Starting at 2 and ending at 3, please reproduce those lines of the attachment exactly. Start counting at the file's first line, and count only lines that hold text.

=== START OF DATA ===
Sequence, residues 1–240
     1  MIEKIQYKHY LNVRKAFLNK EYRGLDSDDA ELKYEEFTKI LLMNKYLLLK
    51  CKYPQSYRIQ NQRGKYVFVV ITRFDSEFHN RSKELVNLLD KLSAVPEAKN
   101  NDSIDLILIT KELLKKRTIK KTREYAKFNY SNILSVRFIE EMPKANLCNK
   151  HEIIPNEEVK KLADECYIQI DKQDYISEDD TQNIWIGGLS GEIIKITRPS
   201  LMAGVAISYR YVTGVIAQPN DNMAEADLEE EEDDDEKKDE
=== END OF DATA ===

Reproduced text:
     1  MIEKIQYKHY LNVRKAFLNK EYRGLDSDDA ELKYEEFTKI LLMNKYLLLK
    51  CKYPQSYRIQ NQRGKYVFVV ITRFDSEFHN RSKELVNLLD KLSAVPEAKN